It hadn’t snowed that last weekend like he said it would, but as I drove to the funeral home on December 7, the little flakes danced across our hood while “Landslide” played on the radio. He gave me a blizzard that day.
My father died of Coronary Artery Disease, the most common form of heart disease. It is entirely preventable and even manageable when you have it, but it took him at 53 years young, without his knowledge.
I give this story to readers now, regardless of age, as a reminder that death does not discriminate; sometimes you don’t get to choose how you say goodbye to your loved ones. As I write this, I am sitting in a medical waiting room waiting to do an EKG on my heart. As someone with a father and grandfather who died of heart-related illnesses before the age of 70, I am at a huge risk for life cutting short on me. I urge anyone, regardless of age, to start the process of talking to health care providers on their own family histories. Ask your parents questions. Ask your grandparents questions. Ask your doctors questions.
It could mean the difference between living long enough to see your youngest child graduate college, watching your children have children, and achieving your dreams.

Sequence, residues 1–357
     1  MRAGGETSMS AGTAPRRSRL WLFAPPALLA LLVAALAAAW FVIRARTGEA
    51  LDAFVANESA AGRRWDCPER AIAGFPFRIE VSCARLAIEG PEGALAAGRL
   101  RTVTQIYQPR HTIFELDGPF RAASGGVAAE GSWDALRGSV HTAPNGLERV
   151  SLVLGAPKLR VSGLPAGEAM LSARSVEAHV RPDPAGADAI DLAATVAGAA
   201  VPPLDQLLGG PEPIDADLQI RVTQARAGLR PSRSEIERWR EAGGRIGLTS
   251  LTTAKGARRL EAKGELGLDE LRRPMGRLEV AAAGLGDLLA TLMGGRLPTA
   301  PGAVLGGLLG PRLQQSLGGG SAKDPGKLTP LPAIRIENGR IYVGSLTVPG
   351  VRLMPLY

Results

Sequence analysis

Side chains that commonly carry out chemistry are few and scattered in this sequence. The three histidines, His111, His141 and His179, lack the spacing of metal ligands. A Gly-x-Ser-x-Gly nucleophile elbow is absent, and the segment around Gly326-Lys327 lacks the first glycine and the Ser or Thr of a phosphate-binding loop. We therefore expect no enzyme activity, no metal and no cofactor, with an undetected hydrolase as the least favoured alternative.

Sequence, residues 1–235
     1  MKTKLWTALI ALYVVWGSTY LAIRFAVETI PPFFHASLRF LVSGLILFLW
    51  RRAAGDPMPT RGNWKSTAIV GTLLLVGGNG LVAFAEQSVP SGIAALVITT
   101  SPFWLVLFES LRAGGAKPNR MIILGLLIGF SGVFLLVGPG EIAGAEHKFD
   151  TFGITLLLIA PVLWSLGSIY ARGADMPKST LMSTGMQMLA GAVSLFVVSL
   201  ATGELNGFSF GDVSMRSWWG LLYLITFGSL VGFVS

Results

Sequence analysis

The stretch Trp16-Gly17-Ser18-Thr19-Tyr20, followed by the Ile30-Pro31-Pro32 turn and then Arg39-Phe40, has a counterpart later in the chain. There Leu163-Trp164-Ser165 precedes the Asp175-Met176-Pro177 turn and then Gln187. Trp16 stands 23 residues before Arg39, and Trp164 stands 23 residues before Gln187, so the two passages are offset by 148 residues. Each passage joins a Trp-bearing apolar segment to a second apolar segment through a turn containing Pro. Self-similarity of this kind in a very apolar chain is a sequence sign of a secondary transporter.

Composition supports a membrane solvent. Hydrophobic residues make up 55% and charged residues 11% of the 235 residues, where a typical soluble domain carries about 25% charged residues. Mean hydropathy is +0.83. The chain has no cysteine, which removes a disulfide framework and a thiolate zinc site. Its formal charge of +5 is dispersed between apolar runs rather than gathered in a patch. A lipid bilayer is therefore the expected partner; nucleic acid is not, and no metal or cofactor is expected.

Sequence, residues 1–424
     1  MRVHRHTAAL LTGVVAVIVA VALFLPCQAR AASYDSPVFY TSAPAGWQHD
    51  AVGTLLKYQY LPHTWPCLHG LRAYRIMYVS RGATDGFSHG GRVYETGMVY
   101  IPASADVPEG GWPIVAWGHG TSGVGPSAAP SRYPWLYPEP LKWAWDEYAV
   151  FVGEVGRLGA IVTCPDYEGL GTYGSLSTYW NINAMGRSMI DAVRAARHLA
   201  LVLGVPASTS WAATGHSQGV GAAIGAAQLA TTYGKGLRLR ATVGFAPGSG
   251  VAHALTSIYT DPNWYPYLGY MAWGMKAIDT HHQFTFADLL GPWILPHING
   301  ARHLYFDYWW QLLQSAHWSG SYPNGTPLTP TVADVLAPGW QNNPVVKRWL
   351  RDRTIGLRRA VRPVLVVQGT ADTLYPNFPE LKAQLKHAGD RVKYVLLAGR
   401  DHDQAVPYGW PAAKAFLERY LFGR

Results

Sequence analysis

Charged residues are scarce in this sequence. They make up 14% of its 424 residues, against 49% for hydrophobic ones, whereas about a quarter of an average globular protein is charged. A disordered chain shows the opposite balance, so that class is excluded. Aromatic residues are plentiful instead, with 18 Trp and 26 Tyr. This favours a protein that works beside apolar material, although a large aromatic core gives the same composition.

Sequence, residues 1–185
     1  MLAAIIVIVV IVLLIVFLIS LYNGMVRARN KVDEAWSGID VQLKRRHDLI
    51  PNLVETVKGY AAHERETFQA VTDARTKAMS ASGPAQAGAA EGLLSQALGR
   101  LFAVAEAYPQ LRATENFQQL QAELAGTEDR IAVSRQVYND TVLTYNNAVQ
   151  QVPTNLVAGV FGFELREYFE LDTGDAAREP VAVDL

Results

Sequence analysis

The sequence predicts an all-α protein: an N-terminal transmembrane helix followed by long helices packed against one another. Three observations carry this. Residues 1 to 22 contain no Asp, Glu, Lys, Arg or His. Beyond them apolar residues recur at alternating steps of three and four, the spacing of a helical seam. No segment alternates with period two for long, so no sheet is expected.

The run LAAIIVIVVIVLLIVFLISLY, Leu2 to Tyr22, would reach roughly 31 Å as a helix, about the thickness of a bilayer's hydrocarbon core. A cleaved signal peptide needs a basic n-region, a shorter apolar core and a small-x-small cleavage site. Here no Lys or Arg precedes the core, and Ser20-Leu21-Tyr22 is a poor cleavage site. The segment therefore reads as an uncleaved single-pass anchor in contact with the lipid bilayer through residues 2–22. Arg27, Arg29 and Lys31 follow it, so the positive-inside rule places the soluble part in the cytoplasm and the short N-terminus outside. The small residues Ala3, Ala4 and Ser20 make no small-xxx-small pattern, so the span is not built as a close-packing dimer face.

Weeks before his death, my father sat in this very clinic. He had strict orders from the same doctor to get an EKG after a high blood pressure reading during a routine check up. He hated doctors and public places, and upon seeing the long line, he left. That test could have saved his life. Would have saved his life.
I enjoyed reading your blog post. My Dad Brian died of a massive Heart attack on September 9, 2008. My Dad was riding his horse at a Reining competition at the Western Fair in London, Ontario. I live in Kingsville, Ontario near Windsor and my Mom called my oldest Brother Marshall at 8:30 p.m. to tell him our Dad was in the hospital. She didn’t say what happened. My Brother called me and my other Brother Ryan. We met at the 401 rest stop. My Sister-in-Law Kim, my 4 month old nephew my two Brothers and I drove to Victoria Hospital in London. As we were driving to London we didn’t know what to expect. We went to the hospital to see my Parents friends standing around the hallway. I saw Mom sitting in a room with couches. Mom said Dad had died. Dad was laying on a hospital table. The last time I saw my Dad was on the previous Friday when he was getting the horse trailer ready for the upcoming horse show. The viewing and funeral was the coming weekend. I was in disbelief the entire week and was hoping I would wake up from this bad dream. Sadly it wasn’t a dream.